Standing at 5’10’’ and weighing 200 pounds, Robinson has the frame to add a few pounds of bulk without sacrificing his amazing speed and quickness, which would allow him to contend better with the NFL’s elite wideouts, such as NFC North opponent Calvin Johnson.
Robinson’s talent should push the veterans around him to play better throughout the season, and I see him finishing with a handful of picks, as well as being the team’s primary punt returner.
Vikings WR Jarius Wright
While Arkansas teammate Greg Childs may eventually become the steal of this draft as a potential No. 1 receiver, this list is about immediate impact, and Wright should bring more of that with him than Childs.
Many people have compared Wright to current Viking Percy Harvin, which makes sense seeing as they are both extremely quick and very similar in size (Harvin is listed at 5’11’’ and 184 pounds, Wright is listed at 5’10’’ and 180).
But for me, that is where the comparisons end. Harvin can play both receiver and running back, whereas Wright is more of a pure receiver. Where Harvin excels at playing in the slot, Wright has the skill set to play both inside and out. When I look at Wright, I see an unpolished form of the Panthers' Steve Smith.
(As a side note, Vikings wide receivers coach George Stewart also went to Arkansas, so I assume he will take an early liking to both Wright and Childs.)
Wright was a four-year starter at Arkansas, starting in 44 of his 50 games played there. He left Arkansas as the career leader in receiving yards with 2,934. He had 24 career touchdowns, 12 of which were in his senior year. He averaged almost 17.5 yards per reception, and showed he can step up when it counts with his Sugar Bowl performance of 70 yards and one touchdown.
He has amazing acceleration, posting the third best 20-yard shuttle time for receivers at the combine (4.03), and he has excellent speed, posting a 4.42 in the 40-yard dash.
Wright could compete for the starting spot opposite Harvin while Jerome Simpson is out for the first three games, and I see him becoming the team's third receiver before year's end. Using his speed and excellent hands to make plays, he should help open up the field for both Harvin and Simpson, as well as give Christian Ponder a third reliable receiver.
With the team expected to run many multiple tight end sets this season, Wright’s play time may be limited, but look for the Vikings to rely on him more and more as the season goes on.
Vikings TE/FB Rhett Ellison
I was watching a draft tracker when I saw Ellison’s name scroll across the screen. Like everyone else, I was confused. I found myself asking “Why are the Vikings taking another tight end?” I was just as critical of the decision as everyone else.
However, the more I look at the pick, the more I like it. For starters, he was first-round pick Matt Kalil’s roommate in college, so his presence should help Kalil adjust to a new environment.
Ellison can play fullback as well as tight end. He also was a special teams standout, making the 2011 All-Pac 12 First Team as a special team player.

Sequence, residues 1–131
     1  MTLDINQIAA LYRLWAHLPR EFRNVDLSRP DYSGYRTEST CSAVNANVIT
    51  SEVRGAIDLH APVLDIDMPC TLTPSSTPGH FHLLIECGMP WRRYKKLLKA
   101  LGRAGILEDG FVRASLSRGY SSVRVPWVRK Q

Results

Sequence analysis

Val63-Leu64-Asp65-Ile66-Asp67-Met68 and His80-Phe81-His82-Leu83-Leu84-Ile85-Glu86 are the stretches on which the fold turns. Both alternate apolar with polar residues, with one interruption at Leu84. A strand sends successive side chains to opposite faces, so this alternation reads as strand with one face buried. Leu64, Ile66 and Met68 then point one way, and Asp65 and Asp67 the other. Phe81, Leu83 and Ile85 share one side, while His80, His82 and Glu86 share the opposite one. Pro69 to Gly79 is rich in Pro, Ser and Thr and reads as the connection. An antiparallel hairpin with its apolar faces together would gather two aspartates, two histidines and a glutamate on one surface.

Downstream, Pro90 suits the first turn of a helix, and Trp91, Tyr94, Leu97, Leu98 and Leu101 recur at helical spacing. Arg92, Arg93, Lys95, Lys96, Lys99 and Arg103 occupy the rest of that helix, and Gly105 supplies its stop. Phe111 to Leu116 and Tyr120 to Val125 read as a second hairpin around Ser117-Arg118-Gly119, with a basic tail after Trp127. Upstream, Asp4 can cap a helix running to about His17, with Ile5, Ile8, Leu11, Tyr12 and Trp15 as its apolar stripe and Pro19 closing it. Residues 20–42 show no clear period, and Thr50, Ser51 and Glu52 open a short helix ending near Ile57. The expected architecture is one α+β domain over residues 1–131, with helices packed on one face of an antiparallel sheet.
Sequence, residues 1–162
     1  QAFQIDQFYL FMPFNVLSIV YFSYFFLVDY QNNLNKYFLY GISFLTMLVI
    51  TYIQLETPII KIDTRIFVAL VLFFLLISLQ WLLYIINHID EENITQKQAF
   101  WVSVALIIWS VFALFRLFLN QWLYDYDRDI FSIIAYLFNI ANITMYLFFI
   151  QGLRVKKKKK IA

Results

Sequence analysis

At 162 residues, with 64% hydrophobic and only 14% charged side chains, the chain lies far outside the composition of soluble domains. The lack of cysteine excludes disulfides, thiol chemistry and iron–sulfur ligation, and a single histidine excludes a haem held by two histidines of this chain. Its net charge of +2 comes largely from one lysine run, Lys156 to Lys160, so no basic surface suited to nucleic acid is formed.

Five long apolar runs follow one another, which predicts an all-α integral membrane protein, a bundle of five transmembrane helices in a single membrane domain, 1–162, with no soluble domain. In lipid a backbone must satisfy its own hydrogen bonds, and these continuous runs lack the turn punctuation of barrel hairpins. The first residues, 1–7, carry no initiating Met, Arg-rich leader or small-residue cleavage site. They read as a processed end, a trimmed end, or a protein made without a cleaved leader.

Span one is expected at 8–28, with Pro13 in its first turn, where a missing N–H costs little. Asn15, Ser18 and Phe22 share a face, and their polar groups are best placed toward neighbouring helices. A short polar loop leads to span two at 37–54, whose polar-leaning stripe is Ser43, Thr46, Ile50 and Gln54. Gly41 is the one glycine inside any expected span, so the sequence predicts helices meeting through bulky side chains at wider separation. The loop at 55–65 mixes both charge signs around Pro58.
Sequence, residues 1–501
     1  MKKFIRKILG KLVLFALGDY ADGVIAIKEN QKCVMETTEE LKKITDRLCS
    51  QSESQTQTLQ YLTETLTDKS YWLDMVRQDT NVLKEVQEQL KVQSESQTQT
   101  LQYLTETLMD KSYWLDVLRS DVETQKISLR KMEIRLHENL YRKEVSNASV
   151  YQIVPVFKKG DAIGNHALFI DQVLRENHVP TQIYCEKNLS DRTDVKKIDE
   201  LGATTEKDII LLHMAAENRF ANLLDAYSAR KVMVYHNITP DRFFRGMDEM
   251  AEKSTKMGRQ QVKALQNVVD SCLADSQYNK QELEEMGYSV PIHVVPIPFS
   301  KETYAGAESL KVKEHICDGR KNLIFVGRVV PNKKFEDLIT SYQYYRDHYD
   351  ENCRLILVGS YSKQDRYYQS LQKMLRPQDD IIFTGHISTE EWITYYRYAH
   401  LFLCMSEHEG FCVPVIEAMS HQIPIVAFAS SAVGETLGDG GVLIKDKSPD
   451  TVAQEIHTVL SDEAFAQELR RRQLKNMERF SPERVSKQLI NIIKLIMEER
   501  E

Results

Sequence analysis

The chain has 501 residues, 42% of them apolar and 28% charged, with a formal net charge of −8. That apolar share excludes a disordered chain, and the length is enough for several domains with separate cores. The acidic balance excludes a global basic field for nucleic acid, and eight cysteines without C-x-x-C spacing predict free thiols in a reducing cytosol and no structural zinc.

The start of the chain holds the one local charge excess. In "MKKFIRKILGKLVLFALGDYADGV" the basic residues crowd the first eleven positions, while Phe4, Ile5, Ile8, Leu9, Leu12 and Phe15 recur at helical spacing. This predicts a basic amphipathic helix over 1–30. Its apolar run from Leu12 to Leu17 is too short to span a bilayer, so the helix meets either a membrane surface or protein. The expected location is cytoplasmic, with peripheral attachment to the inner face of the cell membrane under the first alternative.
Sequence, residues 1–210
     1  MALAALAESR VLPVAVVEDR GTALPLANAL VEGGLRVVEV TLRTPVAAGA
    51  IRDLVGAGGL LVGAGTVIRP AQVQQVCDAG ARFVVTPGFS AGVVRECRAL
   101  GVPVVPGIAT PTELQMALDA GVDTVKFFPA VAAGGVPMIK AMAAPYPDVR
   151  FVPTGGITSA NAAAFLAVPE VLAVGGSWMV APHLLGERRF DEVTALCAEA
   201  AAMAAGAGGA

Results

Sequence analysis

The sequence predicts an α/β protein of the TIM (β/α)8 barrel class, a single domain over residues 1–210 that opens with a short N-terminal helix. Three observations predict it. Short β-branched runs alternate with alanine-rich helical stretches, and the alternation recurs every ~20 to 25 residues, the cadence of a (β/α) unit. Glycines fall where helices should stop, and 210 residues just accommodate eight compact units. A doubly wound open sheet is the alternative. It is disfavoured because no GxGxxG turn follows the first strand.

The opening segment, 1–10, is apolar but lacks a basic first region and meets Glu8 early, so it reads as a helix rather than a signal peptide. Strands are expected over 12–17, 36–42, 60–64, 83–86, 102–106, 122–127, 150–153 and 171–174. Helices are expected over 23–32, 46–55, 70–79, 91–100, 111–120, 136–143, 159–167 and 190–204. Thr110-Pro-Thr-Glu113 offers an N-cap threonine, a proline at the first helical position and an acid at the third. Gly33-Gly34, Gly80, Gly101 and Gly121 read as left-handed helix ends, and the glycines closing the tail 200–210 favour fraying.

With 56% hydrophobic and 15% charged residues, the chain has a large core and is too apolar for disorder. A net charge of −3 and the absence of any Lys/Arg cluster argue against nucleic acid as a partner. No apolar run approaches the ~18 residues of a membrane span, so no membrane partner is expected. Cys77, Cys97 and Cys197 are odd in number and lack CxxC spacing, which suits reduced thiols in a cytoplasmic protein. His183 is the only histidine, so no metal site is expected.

Add in the fact that he was a captain at USC, won USC’s coveted Leadership Award, and won the Co-Lifter of the Year Award. He is the definition of a team player, and he should bring a great attitude and work ethic into the clubhouse.
Ellison didn't post much for statistics, as he wasn't a statistical player. He had 53 career receptions for 471 yards and six touchdowns.
However, it was his blocking that made the biggest impact at USC. Mike Mayock of NFL.com said that the offense at USC ran through Ellison, which is a big complement, as the Trojan's offense was incredible last season (via Christopher Gates of the Daily Norseman)
His technique is already very refined and he should be able to help the running and passing game immediately. The Vikings spent a fourth-round pick on him for a reason, so look for them to utilize him often.
Vikings K Blair Walsh
Ryan Longwell’s heir apparent became the starting kicker within a matter of days after he was drafted when the Vikings released the veteran kicker. That says a lot for the confidence that the team has in a player who struggled for the first half of his senior season.
Walsh was 21 for 35 on field goals during his senior year, but the three years before that he was a combined 55 for 68. If the senior version of Walsh shows up, the Vikings may be in trouble. However, if he could revert back to his stellar sophomore and junior years where he was 40 for 45, then the Vikings will have hit big.
He was arguably the strongest leg in the draft, and had accuracy from long range that make him more valuable then he seems. Walsh was 10 for 17 from beyond 50 yards during his career, which is good by any standards. He will also most likely handle kickoff duties, which should help the defense with better starting field position.
He is a bit more of a wild card at the kicker position than most teams would want, but the potential is there. The Vikings realize they are rebuilding, and therefore are trusting unproven players to perform.
Coaches praised his performance during OTAs and Mandatory Mini-Camp, which is a good sign for Walsh, but with the kicker position being such a mind game, the team will have to wait until the regular season to know what they have in him.
I predict that he will begin figuring his game out during the season and become a reliable kicker by season’s end.